In the spirit of continuing inquiry, a friend writes in with some common sense from the Northeast Intelligence Network blog, excerpted below:
Perhaps it is no coincidence that this article is being published on December 7th, 2008, the 67th anniversary of the attack on America by the Japanese at Pearl Harbor, Hawaii on this day in 1941. Barack Hussein OBAMA contends that he was born in Hawaii, a claim that despite countless erroneous media reports and reckless, poorly researched postings on numerous Internet Blogs to the contrary, has yet to be proven by Barack Hussein OBAMA or anyone else named as co-defendants.
Of the three aforementioned lawsuits, two raise questions about his actual location of birth (Berg, Keyes), while the third (Donofrio) focuses on his citizenship status. (While this might admittedly be an oversimplification, I believe it is a sufficient characterization for the purpose of this article).
Instead, Barack Hussein OBAMA, in conjunction with the co-defendants, has reportedly spent between $800,000 to close to $1,000,000 (one million dollars), using at least three different law firms to fight these civil actions. Now, consider that each and every one of the lawsuits filed against him could be immediately dismissed by the mere production of a single piece of paper that is available to him for the paltry sum of $12.50 at a recorder’s office in Hawaii....
To me, Barack Obama's choice of tactic--money-consuming, time-consuming, court-consuming, rumor-producing lawsuits in multiple states--is the most tantalizing fact of all. Why not pay Hawaii $12.50 to release his long-form original birth certificate? Back to the NEIN blog:
As an investigator and a rational American citizen, I have to ask myself why Barack Hussein OBAMA has chosen not to dispose of this very simple matter in the most logical and expeditious manner possible. Not only would that satisfy these pesky plaintiffs who happen to respect the rule of law as laid out in the Constitution of the United States, but it would also go a long way to brand them and their supporters as deluded conspiracy theorists who have way too much time on their hands.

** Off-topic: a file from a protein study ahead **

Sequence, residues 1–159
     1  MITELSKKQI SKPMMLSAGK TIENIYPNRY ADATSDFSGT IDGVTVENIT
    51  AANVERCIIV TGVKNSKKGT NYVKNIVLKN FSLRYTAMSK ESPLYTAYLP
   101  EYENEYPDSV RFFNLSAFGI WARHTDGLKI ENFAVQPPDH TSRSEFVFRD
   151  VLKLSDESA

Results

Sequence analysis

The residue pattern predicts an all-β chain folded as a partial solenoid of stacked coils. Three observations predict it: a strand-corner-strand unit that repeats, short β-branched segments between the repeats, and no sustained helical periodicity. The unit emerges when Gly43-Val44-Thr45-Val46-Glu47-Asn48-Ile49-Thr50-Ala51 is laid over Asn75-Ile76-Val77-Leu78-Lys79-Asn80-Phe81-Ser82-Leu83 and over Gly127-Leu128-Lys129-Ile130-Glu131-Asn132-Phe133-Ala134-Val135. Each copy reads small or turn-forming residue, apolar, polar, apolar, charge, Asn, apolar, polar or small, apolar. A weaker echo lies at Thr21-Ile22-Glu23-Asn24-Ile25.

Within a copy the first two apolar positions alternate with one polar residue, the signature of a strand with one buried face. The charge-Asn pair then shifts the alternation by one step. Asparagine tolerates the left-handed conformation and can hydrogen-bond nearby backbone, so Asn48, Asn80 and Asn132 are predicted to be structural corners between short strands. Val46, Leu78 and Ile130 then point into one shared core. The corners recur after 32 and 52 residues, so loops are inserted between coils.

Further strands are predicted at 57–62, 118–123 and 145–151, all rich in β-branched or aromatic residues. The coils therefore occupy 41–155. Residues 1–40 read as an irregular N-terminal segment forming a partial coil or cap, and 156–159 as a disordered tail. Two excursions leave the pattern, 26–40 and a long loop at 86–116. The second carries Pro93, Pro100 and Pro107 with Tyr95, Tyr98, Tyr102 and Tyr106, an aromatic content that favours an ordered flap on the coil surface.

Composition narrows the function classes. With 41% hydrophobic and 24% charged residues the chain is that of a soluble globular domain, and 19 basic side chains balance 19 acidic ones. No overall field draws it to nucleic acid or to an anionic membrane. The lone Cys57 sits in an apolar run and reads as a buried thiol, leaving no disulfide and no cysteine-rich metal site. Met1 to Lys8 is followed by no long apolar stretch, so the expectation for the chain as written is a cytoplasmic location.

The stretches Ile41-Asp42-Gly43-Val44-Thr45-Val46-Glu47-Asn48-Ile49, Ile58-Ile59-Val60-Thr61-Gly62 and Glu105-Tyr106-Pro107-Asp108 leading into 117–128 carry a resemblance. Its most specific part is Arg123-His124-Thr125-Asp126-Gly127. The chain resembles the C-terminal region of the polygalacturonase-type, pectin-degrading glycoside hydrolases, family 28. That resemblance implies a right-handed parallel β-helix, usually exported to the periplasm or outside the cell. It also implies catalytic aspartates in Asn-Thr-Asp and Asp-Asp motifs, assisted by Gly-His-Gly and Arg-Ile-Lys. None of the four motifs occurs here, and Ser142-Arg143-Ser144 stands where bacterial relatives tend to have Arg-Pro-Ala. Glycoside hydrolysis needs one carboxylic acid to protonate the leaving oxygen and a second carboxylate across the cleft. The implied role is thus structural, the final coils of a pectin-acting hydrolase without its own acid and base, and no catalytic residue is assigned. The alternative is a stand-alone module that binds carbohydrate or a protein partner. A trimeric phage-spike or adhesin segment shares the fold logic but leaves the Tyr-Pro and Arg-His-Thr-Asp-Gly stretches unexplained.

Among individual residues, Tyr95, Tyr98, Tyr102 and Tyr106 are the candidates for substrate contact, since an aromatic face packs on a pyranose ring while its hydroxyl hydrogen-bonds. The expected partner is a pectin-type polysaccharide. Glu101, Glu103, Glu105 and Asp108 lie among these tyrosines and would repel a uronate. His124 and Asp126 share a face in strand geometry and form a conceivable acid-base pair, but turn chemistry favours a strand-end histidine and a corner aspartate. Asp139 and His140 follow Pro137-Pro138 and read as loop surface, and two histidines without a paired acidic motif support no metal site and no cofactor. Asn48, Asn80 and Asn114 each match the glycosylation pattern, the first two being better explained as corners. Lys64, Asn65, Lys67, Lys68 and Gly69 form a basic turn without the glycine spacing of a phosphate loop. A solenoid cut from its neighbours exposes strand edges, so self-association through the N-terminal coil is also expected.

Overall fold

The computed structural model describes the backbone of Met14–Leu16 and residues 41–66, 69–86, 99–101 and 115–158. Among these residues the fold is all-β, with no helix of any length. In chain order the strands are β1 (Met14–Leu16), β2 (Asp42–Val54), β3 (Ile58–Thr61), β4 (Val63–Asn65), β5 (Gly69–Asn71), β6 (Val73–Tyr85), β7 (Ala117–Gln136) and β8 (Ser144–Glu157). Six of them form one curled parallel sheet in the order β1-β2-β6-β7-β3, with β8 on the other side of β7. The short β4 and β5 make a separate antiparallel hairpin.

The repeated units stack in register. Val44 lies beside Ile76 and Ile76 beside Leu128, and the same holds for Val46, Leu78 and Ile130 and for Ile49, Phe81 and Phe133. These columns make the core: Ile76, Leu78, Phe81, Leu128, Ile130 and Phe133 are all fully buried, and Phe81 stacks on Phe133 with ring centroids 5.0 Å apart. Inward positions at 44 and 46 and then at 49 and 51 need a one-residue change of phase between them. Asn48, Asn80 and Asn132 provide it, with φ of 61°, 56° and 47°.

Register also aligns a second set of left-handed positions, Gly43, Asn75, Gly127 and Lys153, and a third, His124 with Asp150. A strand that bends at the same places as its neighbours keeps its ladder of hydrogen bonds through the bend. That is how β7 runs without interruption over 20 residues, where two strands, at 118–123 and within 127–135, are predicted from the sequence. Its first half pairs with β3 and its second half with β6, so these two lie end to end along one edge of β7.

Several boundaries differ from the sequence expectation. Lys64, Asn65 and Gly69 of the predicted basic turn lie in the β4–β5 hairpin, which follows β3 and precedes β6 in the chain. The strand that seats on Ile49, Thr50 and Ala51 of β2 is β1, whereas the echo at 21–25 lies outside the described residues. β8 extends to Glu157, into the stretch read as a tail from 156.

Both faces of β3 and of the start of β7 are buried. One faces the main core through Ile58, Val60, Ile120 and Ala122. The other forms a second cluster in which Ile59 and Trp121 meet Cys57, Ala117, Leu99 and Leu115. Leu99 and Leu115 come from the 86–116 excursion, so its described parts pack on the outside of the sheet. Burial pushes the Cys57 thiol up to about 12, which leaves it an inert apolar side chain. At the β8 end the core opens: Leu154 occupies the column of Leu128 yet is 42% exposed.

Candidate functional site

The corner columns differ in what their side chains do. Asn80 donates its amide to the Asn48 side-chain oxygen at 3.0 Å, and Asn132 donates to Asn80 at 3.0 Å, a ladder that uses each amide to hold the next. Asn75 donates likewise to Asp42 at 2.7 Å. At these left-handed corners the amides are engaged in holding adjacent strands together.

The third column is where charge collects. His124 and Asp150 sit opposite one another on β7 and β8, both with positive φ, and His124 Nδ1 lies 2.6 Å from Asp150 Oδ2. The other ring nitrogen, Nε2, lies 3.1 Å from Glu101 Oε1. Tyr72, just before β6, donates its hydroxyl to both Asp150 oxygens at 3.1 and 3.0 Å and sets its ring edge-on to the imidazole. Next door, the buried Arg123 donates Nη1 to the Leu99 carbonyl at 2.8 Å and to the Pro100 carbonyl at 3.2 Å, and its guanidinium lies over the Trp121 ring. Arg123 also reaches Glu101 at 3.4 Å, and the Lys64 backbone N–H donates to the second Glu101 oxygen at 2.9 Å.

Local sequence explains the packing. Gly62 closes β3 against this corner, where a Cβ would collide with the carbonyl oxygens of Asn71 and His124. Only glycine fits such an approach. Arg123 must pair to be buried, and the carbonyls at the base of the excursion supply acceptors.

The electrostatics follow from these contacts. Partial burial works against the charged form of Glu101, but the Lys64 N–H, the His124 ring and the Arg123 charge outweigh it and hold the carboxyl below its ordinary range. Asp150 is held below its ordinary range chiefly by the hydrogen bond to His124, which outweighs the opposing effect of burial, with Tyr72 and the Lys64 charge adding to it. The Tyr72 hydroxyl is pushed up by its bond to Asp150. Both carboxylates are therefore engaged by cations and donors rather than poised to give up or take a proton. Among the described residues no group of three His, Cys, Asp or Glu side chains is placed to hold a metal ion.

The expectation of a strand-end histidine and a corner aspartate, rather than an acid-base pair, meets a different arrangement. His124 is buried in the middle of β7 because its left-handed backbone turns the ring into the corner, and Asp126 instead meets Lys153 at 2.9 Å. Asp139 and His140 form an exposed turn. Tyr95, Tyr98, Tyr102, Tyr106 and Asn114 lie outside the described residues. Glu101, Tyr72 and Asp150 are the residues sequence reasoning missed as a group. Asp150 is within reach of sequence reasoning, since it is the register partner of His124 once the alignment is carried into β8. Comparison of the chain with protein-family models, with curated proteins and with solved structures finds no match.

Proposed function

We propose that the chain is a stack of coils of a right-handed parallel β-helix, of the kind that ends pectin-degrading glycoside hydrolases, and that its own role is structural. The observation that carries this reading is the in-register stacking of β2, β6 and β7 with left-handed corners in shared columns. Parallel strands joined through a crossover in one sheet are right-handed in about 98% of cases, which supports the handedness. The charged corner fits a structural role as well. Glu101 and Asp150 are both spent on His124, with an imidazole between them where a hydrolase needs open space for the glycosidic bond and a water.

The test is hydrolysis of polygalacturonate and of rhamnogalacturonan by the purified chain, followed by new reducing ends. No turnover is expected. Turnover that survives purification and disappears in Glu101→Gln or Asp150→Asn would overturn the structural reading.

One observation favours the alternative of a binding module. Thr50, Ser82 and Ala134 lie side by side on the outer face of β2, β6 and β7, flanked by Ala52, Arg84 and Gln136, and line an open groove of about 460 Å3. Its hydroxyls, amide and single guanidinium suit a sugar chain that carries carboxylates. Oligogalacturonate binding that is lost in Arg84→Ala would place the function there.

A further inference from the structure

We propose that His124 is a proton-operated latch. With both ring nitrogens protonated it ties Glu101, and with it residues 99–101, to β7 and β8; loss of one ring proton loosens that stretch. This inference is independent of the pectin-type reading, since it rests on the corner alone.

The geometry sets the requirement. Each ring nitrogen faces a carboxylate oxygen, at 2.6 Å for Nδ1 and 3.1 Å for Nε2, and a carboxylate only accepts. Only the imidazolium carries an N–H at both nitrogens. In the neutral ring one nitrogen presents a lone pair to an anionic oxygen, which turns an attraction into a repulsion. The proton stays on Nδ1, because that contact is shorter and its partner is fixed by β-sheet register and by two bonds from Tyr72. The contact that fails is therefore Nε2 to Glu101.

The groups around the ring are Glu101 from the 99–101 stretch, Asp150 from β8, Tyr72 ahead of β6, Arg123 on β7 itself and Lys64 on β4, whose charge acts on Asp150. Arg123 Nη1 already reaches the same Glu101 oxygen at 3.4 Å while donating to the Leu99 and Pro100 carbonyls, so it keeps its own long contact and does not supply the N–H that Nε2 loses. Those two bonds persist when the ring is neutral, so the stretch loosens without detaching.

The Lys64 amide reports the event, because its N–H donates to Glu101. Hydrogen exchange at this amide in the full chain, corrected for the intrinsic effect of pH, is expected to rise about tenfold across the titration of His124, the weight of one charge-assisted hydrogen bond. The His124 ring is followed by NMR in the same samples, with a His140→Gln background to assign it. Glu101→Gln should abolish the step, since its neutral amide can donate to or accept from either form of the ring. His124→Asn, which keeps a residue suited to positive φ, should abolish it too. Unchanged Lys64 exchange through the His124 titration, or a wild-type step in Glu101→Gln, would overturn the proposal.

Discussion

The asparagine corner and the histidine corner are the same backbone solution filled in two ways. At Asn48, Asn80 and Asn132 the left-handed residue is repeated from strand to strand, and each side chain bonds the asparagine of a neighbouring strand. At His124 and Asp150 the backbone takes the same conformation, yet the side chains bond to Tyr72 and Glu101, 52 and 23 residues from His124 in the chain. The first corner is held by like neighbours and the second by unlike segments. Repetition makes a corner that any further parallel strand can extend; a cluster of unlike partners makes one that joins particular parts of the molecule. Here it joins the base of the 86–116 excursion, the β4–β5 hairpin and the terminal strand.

Following that same line of logic, I then have to ask myself why this matter of such constitutional importance has not received the coverage by the corporate media that it deserves. More ink has been used, and more airtime has been provided to the civil and criminal legal issues of the likes of O.J. Simpson than the possible constitutional ramifications of the eligibility questions of the new leader of the free world. I would argue that questions surrounding the eligibility of a professional football, basketball or baseball player, NASCAR race driver, or Olympic athlete would garner more media attention and outrage of otherwise rational Americans than this matter, which has far more important ramifications for this country as well as the entire planet.
Equally troubling is the failure of those who have been labeled or otherwise accepted as the public ambassadors of American conservatives holding much coveted and very valuable platforms, opportunities and audiences to address this issue with the intellectual honesty it deserves. In this instance, I am specifically referring to the vocal gatekeepers of American conservatism such as Rush Limbaugh, Sean Hannity, and Bill O’Reilly whose combined audience and consequential influence is staggering to the imagination.
The same applies to conservative political pundits such as Michelle Malkin, Michael Medved and David Horowitz, the latter who, in an article published today, described Alan Keyes, one of the plaintiffs of the lawsuits, “an unhinged demagogue on the political fringe” for his role in wanting to insure that we are adhering to the rule of law outlined in the U.S. Constitution. This, by the way, is a key tactic employed by those who cannot fight the argument with facts; they attack the messenger.
More here (and links). Bottom line: It sure sounds as if We, the People, are being conned--about something--and failed by our representatives on every level.